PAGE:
An additional workshop in February focused on the human brain cell census and explored the current landscape, gaps, and opportunities in tissue quality, collection, and processing pipelines. The participants explored what steps would be needed to develop a wiring diagram of the mammalian brain. The goal is to foster the next generation of brain circuit-based therapeutics and drive innovations in artificial intelligence and machine learning.
Several additional workshops were organized by NIBIB program director Dr. Shumin Wang on the Dissemination of Non-Invasive Imaging Technologies, which focused on a wide range of technologies that have been developed through the BRAIN initiative and how those technologies can be further advanced and broadly disseminated.
BRAIN issued a notice that BRAIN grant applicants are expected to submit their data to one of the BRAIN data archives using the elements required in the Resource Sharing Plan.
BRAIN data scholar Mohammed Ghassemi, PhD, is creating the BRAIN Initiative Workspace to Organize the Knowledge Space (BRAINWORKS). The tool is a web application that uses AI to organize the neuroscience knowledge space as an intuitive and interactive knowledge graph.
The BRAIN Initiative is taking steps to promote scientific excellence by enhancing diversity, equity, and inclusion. BRAIN Diversity Supplements are administrative supplements to currently active BRAIN grants to support the training of underrepresented individuals and enhance the diversity of the neuroscience workforce. The awards will support a defined pathway across career stages for outstanding graduate students who are from diverse backgrounds underrepresented in neuroscience research.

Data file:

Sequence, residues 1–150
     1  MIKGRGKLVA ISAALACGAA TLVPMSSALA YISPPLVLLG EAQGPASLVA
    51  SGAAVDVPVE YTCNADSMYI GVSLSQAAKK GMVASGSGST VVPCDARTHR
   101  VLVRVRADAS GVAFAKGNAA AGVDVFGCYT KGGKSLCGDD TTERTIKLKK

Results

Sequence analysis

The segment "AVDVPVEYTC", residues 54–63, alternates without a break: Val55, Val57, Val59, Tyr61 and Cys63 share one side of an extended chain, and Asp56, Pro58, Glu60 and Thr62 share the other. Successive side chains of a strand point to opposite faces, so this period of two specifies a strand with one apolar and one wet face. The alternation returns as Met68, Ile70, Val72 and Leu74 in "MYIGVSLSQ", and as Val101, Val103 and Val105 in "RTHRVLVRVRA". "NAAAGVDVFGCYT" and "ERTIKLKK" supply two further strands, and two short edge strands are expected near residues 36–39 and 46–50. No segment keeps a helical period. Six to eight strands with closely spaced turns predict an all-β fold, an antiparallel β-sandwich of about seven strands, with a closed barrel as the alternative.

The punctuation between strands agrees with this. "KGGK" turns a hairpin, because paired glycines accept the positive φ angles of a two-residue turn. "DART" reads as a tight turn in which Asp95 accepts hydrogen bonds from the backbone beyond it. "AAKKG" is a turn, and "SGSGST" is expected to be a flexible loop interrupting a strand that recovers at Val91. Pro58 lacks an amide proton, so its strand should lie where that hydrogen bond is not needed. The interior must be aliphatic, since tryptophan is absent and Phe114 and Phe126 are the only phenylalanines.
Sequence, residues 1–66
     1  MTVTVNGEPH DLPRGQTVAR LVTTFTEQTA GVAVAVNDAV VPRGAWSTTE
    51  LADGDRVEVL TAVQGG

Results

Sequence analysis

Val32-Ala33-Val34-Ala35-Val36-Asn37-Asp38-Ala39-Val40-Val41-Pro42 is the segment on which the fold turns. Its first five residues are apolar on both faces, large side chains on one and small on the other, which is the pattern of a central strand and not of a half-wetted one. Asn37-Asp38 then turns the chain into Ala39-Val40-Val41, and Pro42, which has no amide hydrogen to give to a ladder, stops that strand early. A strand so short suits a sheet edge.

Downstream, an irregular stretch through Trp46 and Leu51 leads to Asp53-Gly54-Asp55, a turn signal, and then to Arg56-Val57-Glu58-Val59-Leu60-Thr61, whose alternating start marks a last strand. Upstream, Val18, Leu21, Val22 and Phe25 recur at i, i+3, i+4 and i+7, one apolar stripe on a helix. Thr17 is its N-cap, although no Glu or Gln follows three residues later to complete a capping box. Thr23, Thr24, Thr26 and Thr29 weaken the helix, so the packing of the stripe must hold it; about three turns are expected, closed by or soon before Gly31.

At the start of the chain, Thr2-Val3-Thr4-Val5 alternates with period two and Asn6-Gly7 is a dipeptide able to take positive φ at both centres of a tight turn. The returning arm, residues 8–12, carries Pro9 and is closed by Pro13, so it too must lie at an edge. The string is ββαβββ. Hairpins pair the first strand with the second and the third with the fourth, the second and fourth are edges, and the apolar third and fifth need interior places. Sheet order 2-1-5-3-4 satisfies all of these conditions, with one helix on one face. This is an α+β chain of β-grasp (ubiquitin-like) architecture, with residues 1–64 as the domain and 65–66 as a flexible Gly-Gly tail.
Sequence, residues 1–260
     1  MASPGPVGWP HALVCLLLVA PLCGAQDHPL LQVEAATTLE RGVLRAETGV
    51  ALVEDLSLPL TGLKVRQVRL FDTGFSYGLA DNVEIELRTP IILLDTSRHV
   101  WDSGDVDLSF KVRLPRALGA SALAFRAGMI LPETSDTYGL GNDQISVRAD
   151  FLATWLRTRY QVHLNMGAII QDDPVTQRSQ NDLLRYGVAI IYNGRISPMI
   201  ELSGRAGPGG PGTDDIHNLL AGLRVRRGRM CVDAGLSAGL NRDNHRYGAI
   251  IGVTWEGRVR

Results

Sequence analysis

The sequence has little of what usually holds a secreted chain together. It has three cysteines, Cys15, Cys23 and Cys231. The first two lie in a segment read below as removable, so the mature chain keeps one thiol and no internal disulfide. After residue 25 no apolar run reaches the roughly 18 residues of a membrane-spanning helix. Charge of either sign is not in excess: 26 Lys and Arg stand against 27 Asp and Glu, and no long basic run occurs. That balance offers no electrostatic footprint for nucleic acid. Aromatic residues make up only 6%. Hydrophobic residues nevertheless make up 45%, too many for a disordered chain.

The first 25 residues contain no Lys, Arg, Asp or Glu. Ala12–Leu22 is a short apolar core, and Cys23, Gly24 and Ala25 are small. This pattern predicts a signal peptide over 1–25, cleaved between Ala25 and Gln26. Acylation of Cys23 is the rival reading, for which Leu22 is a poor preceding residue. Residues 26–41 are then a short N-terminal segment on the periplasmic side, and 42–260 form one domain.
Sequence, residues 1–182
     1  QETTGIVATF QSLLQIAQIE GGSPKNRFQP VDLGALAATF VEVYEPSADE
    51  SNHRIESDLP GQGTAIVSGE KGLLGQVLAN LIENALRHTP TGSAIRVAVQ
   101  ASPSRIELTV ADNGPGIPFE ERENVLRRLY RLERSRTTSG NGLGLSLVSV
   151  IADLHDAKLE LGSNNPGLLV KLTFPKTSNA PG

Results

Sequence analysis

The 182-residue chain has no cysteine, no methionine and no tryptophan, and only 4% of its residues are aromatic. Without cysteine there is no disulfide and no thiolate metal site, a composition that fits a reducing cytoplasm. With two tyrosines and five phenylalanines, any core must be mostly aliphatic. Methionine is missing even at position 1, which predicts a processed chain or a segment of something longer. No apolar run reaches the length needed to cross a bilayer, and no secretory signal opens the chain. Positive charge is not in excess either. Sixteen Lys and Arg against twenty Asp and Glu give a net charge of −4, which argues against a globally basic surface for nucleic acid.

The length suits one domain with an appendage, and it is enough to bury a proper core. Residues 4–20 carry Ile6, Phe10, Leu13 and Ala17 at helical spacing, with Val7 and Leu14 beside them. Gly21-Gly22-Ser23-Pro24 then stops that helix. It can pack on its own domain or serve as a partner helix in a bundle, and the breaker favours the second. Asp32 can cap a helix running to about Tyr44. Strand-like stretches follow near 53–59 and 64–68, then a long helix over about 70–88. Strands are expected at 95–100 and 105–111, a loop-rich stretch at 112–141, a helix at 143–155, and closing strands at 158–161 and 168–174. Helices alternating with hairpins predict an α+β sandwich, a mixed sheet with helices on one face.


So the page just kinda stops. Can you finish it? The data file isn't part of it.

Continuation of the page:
Dr. Rosen concluded by adding that beginning in Spring 2021, The BRAIN Initiative will include a new component in most FOAs requiring that applications include a Plan for Enhancing Diverse Perspectives (PEDP).
The open session of the NACBIB meeting was adjourned at 3:38 p.m.
VI. Closed Session
Review of Council Procedures and Regulations: Dr. David T. George
The grant application review portion of the meeting was closed to the public in accordance with provisions set forth in Section 552b(c)(4) and 552b(c)(6), Title 5, U.S. Code, and 10(d) of the Federal Advisory Committee Act, as amended (5 U.S.C. appendix 2). The closed session was adjourned at 4:46 p.m.
We certify that, to the best of our knowledge, the foregoing minutes are accurate and complete.3
David T. George, Ph.D.
National Advisory Council for Biomedical Imaging and Bioengineering
Associate Director for Research Administration
National Institute of Biomedical Imaging and Bioengineering
Bruce Tromberg, Ph.D.
National Advisory Council for Biomedical Imaging and Bioengineering
National Institute of Biomedical Imaging and Bioengineering
3These minutes will be approved formally by the Council at the next meeting on September 14, 2021, and corrections or notations will be stated in the minutes of that meeting.